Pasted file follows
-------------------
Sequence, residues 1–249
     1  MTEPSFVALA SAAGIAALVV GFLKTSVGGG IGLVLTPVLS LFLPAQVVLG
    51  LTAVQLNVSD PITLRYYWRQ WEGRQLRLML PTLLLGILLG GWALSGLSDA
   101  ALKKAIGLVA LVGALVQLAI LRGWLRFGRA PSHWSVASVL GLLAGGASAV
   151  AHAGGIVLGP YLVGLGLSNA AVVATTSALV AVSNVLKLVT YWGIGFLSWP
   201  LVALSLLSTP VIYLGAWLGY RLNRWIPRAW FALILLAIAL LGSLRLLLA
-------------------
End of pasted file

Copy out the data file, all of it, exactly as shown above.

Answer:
Sequence, residues 1–249
     1  MTEPSFVALA SAAGIAALVV GFLKTSVGGG IGLVLTPVLS LFLPAQVVLG
    51  LTAVQLNVSD PITLRYYWRQ WEGRQLRLML PTLLLGILLG GWALSGLSDA
   101  ALKKAIGLVA LVGALVQLAI LRGWLRFGRA PSHWSVASVL GLLAGGASAV
   151  AHAGGIVLGP YLVGLGLSNA AVVATTSALV AVSNVLKLVT YWGIGFLSWP
   201  LVALSLLSTP VIYLGAWLGY RLNRWIPRAW FALILLAIAL LGSLRLLLA